"The Lord was witness to the covenant between you and the wife of your youth.... Has not the one God made and sustained for us the spirit of life? What does he desire? Godly offspring. So take heed to yourselves and let none be faithless to the wife of his youth" (Mal 2:14-15).
1. We have previously spoken of the right and lawful regulation of fertility according to the doctrine contained in the Encyclical "Humanae vitae" (HV 19), and in the Exhortation "Familiaris consortio". The description of "natural," attributed to the morally correct regulation of fertility (following the natural rhythms, cf. HV 16), is explained by the fact that that manner of conduct corresponds to the truth of the person and therefore to his dignity: a dignity which by "nature" belongs to man as a rational and free being. Man, as a rational free being, can and must reread with discernment that biological rhythm which belongs to the natural order. He can and must conform to it so as to exercise the "responsible parenthood," which, according to the Creator's design, is inscribed in the natural order of human fecundity. The concept of a morally correct regulation of fertility is nothing other than the rereading of the "language of the body" in truth. The very "natural rhythms immanent in the generative functions" pertains to the objective truth of that language, which the persons concerned should reread in its full objective content. It is necessary to bear in mind that the "body speaks" not merely with the whole external expression of masculinity and femininity, but also with the internal structures of the organism, of the somatic and psychosomatic reaction. All this should find its appropriate place in that language in which husband and wife dialogue with each other, as persons called to the communion of the "union of the body."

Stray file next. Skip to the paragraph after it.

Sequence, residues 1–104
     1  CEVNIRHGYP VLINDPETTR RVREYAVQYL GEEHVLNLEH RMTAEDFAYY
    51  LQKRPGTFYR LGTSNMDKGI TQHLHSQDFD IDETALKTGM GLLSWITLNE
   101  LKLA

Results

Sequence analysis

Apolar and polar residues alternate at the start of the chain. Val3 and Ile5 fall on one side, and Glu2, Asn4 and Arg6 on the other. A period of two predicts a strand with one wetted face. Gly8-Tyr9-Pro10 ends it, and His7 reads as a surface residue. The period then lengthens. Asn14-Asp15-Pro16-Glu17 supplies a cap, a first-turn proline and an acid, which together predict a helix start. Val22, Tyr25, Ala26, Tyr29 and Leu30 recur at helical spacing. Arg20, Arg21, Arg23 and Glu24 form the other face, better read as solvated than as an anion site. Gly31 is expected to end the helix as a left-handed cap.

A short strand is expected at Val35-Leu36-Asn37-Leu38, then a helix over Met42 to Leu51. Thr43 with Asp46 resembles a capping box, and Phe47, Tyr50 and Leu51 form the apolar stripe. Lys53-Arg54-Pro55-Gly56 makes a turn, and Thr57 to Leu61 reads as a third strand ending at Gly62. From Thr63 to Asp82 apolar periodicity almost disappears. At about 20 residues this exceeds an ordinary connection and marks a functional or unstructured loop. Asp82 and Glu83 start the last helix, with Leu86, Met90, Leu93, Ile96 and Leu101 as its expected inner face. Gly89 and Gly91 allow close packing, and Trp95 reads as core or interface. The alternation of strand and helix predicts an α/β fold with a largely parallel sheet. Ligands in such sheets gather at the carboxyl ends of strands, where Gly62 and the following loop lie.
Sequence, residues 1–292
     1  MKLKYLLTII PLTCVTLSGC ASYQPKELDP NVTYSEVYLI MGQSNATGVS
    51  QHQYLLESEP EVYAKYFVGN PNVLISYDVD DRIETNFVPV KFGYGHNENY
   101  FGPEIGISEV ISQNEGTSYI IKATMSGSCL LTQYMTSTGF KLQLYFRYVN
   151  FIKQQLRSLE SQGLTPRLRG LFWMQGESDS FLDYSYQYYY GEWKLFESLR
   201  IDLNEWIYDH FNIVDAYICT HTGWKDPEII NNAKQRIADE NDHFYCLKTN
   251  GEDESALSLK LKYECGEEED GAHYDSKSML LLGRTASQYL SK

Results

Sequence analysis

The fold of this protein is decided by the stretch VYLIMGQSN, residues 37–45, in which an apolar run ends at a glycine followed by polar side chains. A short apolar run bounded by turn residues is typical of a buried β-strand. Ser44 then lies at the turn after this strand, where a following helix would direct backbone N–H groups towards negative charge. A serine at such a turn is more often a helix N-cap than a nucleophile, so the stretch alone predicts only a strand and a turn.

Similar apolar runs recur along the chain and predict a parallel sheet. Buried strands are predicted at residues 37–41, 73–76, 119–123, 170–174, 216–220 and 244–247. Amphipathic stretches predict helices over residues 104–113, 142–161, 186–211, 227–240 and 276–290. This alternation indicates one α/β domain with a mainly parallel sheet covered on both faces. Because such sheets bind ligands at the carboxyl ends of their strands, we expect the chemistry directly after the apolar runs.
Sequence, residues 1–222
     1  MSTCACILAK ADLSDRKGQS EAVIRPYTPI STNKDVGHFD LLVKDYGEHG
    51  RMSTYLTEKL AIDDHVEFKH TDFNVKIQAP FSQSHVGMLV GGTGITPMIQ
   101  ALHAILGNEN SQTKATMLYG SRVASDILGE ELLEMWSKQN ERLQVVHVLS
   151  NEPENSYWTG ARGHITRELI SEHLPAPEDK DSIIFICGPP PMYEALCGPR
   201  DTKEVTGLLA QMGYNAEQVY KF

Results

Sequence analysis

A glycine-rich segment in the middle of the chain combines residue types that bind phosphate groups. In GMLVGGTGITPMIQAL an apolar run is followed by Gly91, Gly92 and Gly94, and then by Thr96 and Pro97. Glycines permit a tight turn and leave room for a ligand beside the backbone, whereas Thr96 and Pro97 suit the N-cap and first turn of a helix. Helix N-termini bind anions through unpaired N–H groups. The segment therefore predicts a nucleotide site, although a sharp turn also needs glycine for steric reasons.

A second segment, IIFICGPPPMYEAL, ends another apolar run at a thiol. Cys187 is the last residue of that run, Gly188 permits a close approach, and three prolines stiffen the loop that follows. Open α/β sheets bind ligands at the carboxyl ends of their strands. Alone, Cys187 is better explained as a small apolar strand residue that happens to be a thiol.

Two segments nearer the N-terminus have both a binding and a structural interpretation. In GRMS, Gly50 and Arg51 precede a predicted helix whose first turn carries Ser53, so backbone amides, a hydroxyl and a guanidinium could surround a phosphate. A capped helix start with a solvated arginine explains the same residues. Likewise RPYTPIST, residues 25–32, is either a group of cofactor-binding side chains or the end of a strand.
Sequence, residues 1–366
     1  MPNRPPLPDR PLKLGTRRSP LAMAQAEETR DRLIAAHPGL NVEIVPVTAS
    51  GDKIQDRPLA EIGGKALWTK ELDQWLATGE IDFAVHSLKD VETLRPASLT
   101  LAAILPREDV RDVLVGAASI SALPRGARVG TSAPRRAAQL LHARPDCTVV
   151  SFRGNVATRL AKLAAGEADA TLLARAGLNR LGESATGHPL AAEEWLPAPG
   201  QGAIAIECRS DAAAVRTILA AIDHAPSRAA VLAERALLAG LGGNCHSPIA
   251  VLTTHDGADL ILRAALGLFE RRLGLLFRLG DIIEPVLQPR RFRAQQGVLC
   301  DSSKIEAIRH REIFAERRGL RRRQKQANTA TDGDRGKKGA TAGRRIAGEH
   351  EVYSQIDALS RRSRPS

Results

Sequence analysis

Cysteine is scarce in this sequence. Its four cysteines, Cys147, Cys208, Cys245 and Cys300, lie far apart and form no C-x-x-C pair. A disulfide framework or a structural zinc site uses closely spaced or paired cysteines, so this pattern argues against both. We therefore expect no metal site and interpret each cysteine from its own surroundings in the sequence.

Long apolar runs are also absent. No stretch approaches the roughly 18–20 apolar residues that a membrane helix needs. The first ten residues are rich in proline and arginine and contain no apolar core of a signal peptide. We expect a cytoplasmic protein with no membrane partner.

2. All efforts directed to an ever more precise knowledge of those "natural rhythms" which are manifested in relation to human procreation, all efforts of family counselors and indeed of the couple themselves, are not aimed at making the language of the body merely "biological" (at "reducing ethics to biology," as some have mistakenly held), but exclusively at ensuring the integral truth of that "language of the body" in which husband and wife should express themselves in a mature way before the demands of responsible parenthood.
The Encyclical "Humanae vitae" stresses several times that "responsible parenthood" is connected with a continual effort and commitment, and that it is put into effect at the cost of a precise self-denial (cf. HV 21). All these and other similar expressions show that in the case of "responsible parenthood," or of a morally correct regulation of fertility, it is a question of the real good of human persons and of what corresponds to the true dignity of the person.
3. The use of the "infertile periods" for conjugal union can be an abuse if the couple, for unworthy reasons, seeks in this way to avoid having children, thus lowering the number of births in their family below the morally correct level. This morally correct level must be established by taking into account not only the good of one's own family, and even the state of health and the means of the couple themselves, but also the good of the society to which they belong, of the Church, and even of the whole of mankind.